Golding goes on to say, “The whole book is symbolic in nature…,” which is true, but a good fable needs grounding in a good story, and the author provides a rousing adventure, too. As time goes on in the tale, the children become more barbarous and more willing to follow any leader who will provide them comfort, food, and fun, regardless of cost. In addition to its being a treatise on the decay of humanity, the narrative offers a fundamental profile of human psychology, with each of the children representing a different aspect of the individual psyche. Part of the fun of the book is observing the behavior of the children and trying to determine which part they play in one’s own makeup. The idea is only slightly lost in the movie translation.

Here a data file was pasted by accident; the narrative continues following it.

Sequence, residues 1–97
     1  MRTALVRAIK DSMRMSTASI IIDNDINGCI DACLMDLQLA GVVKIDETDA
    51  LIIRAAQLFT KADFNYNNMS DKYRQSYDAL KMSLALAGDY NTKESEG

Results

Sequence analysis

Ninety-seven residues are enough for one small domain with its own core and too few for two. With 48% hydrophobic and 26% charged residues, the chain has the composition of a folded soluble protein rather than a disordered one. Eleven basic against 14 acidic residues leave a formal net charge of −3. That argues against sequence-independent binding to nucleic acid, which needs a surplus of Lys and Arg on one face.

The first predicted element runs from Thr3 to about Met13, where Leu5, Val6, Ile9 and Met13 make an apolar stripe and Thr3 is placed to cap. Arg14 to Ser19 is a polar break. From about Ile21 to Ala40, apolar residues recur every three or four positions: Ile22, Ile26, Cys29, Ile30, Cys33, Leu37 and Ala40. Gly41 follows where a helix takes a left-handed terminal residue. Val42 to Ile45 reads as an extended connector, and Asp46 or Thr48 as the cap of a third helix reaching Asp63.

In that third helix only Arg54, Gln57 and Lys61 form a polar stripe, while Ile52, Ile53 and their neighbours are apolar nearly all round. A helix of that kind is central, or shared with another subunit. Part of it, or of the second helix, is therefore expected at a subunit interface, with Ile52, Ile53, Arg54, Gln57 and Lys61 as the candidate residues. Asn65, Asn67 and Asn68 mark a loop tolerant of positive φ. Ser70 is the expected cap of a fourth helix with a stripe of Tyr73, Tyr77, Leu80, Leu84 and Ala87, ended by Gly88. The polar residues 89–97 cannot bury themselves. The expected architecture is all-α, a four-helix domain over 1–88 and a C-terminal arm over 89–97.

Sir Peter Brook, long associated with stage productions, shot his film as inexpensively as possible. He was able to use an island off the coast of Puerto Rico for free, courtesy of Woolworth’s in exchange for a screen credit. His camera and sound crew were minimal, and they took no editing equipment with them. They shot over sixty hours of film and then condensed it to a mere ninety minutes during the next year.